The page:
# p-value

$\renewcommand{\Pr}[1]{\text{Pr}\left[ #1 \right]} \def\eps{\varepsilon} \def\E{\mathbb{E}} \def\pv{p\text{-value}}$

## Overview #

• The p-value is a r.v.
• For a given observation, it's the probability of obtaining observing results at least as "extreme" as the currently observed result, given the null hypothesis is correct.
• Imagine $f(x)$ is some criterion r.v. which returns the probability of finding more extreme results than some observation $x$. In this case, the null hypothesis is also a distribution which we're assuming $x$ is sampled from.
$\pv(x) = p \in [0, 1] \;:\; \Pr{f(x) \ge p \;|\; x \sim H_0}$
• Used in null-hypothesis significance testing.
• Different from the transposed conditional probability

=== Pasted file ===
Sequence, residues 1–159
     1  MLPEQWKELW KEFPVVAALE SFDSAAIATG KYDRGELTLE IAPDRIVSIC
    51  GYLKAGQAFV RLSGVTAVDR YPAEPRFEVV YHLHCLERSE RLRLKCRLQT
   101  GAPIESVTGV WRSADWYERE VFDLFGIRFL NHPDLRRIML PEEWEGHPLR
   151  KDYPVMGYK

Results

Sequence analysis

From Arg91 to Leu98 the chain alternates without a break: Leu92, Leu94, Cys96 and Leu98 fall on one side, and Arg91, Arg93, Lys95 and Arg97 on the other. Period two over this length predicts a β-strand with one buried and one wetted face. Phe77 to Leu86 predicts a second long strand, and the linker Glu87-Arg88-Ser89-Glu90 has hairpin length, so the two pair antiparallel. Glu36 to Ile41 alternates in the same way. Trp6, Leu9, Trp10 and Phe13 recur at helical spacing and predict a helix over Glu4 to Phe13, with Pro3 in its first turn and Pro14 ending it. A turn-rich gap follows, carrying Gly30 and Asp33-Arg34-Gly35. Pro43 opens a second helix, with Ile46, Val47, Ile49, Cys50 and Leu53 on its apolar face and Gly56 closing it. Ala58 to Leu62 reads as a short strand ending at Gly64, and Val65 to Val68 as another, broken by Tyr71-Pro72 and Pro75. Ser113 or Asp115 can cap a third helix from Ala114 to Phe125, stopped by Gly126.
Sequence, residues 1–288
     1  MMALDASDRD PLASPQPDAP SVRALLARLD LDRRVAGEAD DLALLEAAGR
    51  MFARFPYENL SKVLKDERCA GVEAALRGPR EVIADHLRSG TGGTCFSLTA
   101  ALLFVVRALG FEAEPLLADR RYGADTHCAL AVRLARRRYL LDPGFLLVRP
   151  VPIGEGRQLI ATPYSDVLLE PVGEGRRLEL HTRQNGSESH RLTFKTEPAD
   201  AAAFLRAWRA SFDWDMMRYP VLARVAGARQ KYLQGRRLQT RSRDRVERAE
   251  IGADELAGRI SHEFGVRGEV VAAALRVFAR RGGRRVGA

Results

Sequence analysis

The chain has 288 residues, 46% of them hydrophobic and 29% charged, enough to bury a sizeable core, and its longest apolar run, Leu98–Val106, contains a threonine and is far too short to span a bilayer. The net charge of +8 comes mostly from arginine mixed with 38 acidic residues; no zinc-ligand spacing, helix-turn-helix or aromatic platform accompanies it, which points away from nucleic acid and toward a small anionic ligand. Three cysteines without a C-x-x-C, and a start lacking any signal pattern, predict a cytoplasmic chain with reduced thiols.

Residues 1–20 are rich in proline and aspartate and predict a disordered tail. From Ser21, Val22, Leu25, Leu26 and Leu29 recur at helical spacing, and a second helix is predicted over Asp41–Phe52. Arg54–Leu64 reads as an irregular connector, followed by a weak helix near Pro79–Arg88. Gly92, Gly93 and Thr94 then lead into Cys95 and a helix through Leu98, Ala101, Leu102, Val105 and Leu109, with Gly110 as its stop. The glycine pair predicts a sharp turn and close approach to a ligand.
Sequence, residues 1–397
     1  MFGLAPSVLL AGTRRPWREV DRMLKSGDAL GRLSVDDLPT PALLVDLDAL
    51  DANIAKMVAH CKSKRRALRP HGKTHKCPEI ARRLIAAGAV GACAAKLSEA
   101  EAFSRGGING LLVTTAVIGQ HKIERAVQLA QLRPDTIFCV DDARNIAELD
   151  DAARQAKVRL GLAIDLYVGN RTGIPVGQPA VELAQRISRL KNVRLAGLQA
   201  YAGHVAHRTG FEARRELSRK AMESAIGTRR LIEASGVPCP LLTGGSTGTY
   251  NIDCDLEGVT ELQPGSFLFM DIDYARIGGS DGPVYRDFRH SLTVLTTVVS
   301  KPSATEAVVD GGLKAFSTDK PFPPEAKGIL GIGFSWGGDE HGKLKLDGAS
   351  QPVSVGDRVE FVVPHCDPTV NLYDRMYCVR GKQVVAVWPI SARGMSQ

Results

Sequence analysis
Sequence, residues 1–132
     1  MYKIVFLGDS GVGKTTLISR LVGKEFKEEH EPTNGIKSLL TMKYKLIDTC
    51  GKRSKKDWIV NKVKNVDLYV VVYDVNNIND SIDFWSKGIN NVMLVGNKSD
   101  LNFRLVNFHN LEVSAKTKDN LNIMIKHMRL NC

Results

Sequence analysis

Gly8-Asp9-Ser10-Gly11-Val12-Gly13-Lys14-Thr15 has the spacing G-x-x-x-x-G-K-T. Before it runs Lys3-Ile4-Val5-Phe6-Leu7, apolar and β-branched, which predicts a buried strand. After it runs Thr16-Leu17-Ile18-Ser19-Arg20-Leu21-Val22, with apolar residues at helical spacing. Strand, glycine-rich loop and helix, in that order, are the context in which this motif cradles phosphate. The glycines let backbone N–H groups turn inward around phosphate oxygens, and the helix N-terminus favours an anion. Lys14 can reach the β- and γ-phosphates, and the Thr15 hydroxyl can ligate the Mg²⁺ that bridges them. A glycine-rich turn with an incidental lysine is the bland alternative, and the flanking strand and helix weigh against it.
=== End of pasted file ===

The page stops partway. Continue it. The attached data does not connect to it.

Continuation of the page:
$\times \;\; \Pr{x \sim H_0 \;|\; f(x) \ge \pv}$ \begin{align*} \Pr{x \sim H_0 \;|\; f(x) \ge \pv} &= \Pr{f(x) \ge \pv \;|\; x \sim H_0} \cdot \frac{\Pr{f(x) \ge \pv}}{\Pr{x \sim H_0}} \\ \end{align*}

## Traps #

1. p-value is conditional probability, not probability the null-hypothesis is true nor probability alternative-hypothesis is false.
2. p-value is only statement about the relation of the observed data to the null-hypothesis.
3. p-value significance of 0.05 is only convention.
4. p-value doesn't indicate size or importance of an effect.